Recently however, the Renault Kangoo was upgraded to offer a range of 273 kilometres, which equates to approximately 200 kilometres in reality. Hot on the heels of Renault, Nissan announced an upgrade to the e-NV200, claiming a new and improved 280 kilometres driving range. Renault conducted research that revealed the distance covered by the average van driver in a day is around 112 kilometres, rendering the stated ranges of most electric vans a more viable proposition. Furthermore, many electric models boast heated seats and the ability to pre-heat the cabin while still plugged in. Such performance features help to reduce the demands put upon the battery when driving.
Of course, long-distance travel is only viable if you know there will be charging facilities en route and when you reach your destination. Similarly, it’s essential to factor in the time it takes to recharge a van. As such, city centre courier companies, local authorities, utility companies, SMEs and sole traders are among those organisations experts believe would benefit from upgrading to electric vehicles.
Load capacity and ease of loading are two further, important factors to consider when purchasing a new van, electric or otherwise. Adding weight to any van has a negative effect on energy consumption. However, an electric van is no less capable of carrying big loads than its diesel equivalent. The Nissan e-NV200 for example, has the same cargo volume as its traditional counterpart. In addition, it actually has a payload of 770kg, which is around 40kg more than the diesel version. Similarly, the Renault Kangoo ZE has a payload of 650kg, which is 20kg more than the standard Kangoo van.
The batteries in an electric van are responsible for a large part of the vehicle’s weight. Furthermore, the greater the range required, the higher the battery weight. To compensate for this weight and to safeguard the van’s payload, it’s important to incorporate lightweight racking systems and other lightweight fittings in the vehicle. Ultra-high strength steel vastly reduces the weight of racking products while neither compromising on safety nor the vehicle payload. With electric vans, there is a greater risk of damaging the vehicle’s battery and wiring system when fixing fittings by drilling directly into the floor. As such, non-intrusive flooring that can be installed with glue should be considered to avoid any unnecessary damage.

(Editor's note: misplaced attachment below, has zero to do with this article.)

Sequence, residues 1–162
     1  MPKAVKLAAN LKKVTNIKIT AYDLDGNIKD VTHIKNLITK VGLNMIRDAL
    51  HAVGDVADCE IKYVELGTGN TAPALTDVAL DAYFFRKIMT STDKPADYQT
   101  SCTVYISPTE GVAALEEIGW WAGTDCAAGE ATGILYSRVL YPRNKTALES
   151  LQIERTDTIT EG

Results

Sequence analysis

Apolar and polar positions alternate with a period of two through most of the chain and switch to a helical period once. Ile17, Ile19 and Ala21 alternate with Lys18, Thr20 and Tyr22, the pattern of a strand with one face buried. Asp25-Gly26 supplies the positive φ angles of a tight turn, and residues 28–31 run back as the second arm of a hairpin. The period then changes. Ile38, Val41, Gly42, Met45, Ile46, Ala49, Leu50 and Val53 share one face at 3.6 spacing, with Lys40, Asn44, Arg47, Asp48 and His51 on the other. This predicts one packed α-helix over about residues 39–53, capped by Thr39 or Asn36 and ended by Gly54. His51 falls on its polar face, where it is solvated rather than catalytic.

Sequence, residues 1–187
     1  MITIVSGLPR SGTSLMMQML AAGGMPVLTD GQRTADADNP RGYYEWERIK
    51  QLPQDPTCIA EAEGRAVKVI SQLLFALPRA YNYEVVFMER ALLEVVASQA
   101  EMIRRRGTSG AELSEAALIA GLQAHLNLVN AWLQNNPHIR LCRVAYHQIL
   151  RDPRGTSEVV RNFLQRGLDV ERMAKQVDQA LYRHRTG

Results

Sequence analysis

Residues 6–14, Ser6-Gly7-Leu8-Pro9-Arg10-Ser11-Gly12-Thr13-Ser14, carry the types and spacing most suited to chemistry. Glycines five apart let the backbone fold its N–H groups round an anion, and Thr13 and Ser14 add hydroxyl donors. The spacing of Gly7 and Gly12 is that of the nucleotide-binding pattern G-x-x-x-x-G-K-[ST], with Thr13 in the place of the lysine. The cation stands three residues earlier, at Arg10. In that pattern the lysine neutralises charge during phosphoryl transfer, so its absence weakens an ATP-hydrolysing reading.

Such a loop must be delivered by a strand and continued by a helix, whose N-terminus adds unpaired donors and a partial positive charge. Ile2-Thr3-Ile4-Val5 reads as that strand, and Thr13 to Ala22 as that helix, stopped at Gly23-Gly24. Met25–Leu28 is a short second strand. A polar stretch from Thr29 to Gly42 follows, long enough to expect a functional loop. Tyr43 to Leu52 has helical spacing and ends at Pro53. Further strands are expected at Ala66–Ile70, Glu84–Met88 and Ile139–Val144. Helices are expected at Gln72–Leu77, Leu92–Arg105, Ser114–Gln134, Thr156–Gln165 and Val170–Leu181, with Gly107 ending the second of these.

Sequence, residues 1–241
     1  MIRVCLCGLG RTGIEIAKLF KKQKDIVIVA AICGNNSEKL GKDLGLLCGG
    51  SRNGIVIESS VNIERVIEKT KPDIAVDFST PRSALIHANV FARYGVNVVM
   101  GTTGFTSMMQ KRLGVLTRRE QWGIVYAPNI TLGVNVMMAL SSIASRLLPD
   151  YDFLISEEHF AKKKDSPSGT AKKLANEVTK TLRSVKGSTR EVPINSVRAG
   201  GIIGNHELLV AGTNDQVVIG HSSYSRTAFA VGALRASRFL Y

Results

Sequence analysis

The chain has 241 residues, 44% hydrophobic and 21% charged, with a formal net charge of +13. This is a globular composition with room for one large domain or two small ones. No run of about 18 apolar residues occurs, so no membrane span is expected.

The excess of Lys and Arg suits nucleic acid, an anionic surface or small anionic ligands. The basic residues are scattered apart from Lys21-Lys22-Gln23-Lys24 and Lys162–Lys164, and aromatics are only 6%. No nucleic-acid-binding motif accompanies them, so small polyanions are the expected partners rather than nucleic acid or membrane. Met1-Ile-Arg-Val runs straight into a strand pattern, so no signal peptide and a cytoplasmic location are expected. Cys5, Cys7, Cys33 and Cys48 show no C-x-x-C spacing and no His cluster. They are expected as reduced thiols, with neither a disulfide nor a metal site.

UK addition – The Department for Transport in the UK has recently decided to increase the weight threshold for electric light commercial vehicles from 3.5 tonnes to 4.25 tonnes. This follows consultation and will help to offset the weight of the drive train in electric vehicles.
Is plug-in power the future?
Norway is currently the world leader in electric vehicle usage. From tax and VAT-free purchase to free parking and charging, this success is due to a range of local and national incentives. Norway’s capital, Oslo, has also contributed to the deployment of a robust charging infrastructure.
Car manufacturers around the world are changing their attitudes to electric vehicles. The success of the Paris climate talks is driving a progressive tightening of car CO2 emissions limits around the world, inevitably leading to a gradual phase out of fossil fuels.
Similarly, the rapid growth in electric vehicle sales in China has had an impact. China is now the world’s biggest market and is dominated by national manufacturers. As such, non-Chinese manufacturers are desperate to succeed in this expanding market and anxious to avoid their Chinese competitors successfully exporting to Europe.
With safe and robust solutions in fittings and racking systems and battery technology improving, electric vehicles are starting to make strong business sense. Awareness and appetite for electric vans is growing and the government and motor industry are showing increased signs of supporting the transition to electric vehicles for both single and commercial fleet operators.
Contact our team for more information on Modul-System’s products and conversions for electric vans.